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It Sure Looks Like A Credit Card Offer, But It Sure Isn't

It sure looks like a credit card pre-approval letter for a new "Platinum" credit card with a $10,000 limit for union workers. But it turns out to be nothing of the sort.

Union Workers Credit Services is sending out letters to households at random, union or not, seeking persons to send in $37 as a "Platinum Card" membership fee for what they think is a credit card, but instead only receive a merchandise catalog and a credit line that can only be used for merchandise in the catalog that is often greatly overpriced compared to retail store prices. The information certainly looks like a normal credit card pre-approval letter, but then you notice that the federally mandated information about costs of the card are missing from the letter and a $37 membership fee is asked for upfront before you receive more details about the offer. $37 is a big price to pay for a small merchandise catalog. But that's all that your $37 buys. But the company claims that it will credit that amount to your first purchase but nearly every item has prices inflated far beyond any $37 from normal retail store prices.

It is typical of both scams and unscrupulous credit card businesses to seek upfront fees. In some cases, some businesses do not even issue any credit card themselves but only search for a card for persons who pay them a fee, something that can be easily done by the individual themselves. But the Union Workers Credit Services is merely an unethical and misleading letter meant to lure customers to a company selling mail order merchandise. Instead of a straight-forward representation of their true nature of business, the letter appears as a credit card preapproval letter that only upon closer examination of some questionable wording tips off the reader that it is a good company to avoid at all costs.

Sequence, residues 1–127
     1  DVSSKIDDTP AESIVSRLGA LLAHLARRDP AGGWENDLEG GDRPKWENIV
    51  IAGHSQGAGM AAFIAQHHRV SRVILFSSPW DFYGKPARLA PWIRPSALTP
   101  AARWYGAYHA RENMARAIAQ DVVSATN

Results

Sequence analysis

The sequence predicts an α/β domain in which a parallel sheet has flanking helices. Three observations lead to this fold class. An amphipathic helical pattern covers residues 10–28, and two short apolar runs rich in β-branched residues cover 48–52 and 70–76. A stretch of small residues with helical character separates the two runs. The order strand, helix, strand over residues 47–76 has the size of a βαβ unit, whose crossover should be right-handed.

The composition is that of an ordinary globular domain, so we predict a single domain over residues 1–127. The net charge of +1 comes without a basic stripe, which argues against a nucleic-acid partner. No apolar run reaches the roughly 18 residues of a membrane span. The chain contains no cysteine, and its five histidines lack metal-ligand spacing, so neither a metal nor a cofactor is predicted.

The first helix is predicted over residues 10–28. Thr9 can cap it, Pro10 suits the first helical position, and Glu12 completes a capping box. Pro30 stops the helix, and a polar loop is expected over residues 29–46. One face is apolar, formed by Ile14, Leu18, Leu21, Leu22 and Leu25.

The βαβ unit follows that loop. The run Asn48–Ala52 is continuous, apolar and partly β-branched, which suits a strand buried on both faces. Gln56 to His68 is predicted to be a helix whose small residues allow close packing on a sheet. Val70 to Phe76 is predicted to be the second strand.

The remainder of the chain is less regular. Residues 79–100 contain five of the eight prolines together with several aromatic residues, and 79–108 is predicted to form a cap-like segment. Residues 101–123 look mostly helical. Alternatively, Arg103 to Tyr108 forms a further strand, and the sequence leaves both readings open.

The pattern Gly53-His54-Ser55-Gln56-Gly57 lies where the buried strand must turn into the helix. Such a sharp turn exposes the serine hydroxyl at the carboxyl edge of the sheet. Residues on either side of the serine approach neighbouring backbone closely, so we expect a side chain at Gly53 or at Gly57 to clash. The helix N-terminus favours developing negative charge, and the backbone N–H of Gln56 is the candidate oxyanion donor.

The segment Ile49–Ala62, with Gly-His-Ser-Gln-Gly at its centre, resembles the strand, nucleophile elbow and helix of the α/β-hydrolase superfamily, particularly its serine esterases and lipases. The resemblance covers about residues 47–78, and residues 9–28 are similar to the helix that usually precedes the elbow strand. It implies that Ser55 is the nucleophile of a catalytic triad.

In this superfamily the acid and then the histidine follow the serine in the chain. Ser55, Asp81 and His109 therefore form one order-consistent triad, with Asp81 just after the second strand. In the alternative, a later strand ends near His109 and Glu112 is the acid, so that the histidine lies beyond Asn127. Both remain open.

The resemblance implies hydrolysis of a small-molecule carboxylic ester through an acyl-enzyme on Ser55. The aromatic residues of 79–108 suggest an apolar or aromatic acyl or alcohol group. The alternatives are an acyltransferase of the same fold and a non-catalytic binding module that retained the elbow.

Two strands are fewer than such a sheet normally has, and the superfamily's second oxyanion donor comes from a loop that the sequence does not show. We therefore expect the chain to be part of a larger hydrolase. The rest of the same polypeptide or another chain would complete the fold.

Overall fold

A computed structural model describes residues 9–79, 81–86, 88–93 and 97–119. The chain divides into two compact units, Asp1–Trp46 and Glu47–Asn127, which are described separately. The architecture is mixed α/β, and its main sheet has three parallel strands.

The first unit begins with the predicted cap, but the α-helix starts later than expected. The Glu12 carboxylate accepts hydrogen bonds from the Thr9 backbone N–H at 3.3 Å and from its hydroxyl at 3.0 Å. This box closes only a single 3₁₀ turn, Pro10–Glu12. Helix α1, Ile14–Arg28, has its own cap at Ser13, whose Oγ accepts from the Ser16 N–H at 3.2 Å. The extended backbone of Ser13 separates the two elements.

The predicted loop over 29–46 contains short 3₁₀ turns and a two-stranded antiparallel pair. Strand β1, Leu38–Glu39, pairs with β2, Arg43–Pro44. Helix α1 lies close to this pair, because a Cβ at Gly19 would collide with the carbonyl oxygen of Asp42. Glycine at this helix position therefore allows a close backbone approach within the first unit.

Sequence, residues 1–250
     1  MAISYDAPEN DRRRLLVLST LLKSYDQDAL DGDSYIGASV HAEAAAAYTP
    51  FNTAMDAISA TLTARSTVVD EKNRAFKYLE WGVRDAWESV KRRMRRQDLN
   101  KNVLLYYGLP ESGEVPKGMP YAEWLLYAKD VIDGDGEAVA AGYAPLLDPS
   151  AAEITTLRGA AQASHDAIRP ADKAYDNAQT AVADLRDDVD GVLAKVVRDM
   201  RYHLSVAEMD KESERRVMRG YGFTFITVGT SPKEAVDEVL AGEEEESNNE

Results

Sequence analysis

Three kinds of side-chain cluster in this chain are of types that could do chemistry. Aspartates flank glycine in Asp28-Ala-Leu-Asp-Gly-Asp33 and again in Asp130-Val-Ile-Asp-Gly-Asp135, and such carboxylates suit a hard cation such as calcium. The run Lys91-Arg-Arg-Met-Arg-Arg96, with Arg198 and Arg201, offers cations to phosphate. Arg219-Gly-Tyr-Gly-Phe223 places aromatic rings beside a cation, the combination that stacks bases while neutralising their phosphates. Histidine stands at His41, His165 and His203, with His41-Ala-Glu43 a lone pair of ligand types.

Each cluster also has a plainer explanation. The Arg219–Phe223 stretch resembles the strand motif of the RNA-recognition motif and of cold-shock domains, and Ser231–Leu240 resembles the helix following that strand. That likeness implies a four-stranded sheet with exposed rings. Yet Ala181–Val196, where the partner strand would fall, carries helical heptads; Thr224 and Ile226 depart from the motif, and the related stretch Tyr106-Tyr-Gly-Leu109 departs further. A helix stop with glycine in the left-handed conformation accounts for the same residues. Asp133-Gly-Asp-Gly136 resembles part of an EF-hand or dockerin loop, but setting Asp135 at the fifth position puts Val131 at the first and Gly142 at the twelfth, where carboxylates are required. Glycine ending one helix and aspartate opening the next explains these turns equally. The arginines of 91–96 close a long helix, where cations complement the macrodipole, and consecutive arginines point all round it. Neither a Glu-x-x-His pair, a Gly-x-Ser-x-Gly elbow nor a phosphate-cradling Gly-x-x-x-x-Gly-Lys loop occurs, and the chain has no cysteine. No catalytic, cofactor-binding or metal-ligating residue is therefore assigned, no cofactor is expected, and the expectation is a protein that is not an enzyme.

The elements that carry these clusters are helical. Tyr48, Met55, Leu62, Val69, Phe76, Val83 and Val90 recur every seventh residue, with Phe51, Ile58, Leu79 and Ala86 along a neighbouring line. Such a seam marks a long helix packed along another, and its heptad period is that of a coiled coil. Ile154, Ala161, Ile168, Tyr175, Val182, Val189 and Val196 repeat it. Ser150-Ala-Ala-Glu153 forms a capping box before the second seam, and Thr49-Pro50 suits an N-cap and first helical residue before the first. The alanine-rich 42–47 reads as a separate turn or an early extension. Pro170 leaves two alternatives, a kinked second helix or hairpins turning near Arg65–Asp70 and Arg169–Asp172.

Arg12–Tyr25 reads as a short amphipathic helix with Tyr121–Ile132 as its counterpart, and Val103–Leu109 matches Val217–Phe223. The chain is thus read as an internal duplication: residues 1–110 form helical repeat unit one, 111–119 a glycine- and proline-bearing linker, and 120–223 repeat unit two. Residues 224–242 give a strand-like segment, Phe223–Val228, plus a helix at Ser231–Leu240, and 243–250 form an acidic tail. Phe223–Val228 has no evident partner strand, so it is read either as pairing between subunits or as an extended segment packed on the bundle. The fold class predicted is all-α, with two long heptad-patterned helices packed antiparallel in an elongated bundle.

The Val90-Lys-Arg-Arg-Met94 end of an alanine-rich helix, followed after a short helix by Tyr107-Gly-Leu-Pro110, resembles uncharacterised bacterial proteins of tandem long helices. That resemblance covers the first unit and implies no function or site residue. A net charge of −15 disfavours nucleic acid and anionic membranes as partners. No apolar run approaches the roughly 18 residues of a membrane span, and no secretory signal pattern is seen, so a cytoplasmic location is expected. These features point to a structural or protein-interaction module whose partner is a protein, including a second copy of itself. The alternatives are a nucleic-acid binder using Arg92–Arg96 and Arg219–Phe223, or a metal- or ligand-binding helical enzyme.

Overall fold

Union Workers Credit Services claims that it offers a low 5% interest rate. However with merchandise selling for absurdly high prices, there is certainly no savings to individuals even if the interest rate is low. And a $10,000 credit line for some persons of lower income status only means years of financial bondage in many cases.

It is very disappointing that the Bush Administration has been so lax going after some companies that take advantage of consumers, let alone the numerous Email scammers. The letter from Union Workers Credit Services is a real good letter to ignore. It is not a real credit card offer for a credit card usable anywhere. Any business can buy some merchandise wholesale and sell the merchandise for full list price and offer a credit line to customers. This is a business with an unethical and misleading way of marketing it's overpriced goods to customers. Avoid this company.


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Comments (4)

Doubting Thomas:

Had stuff like this back in the Carter, Reagan, Bush and Clinton administrations too, Paul.

Though the ethical and moral nature of it is certainly dubious, it is legal. So - how can the President stop it, no matter what his party affiliation?

I like the way you tied Bush into it, though, tacitly blaming him for the mere existance of these moral jackasses. Damn Bush for not stopping this legal activity!

Ray H.: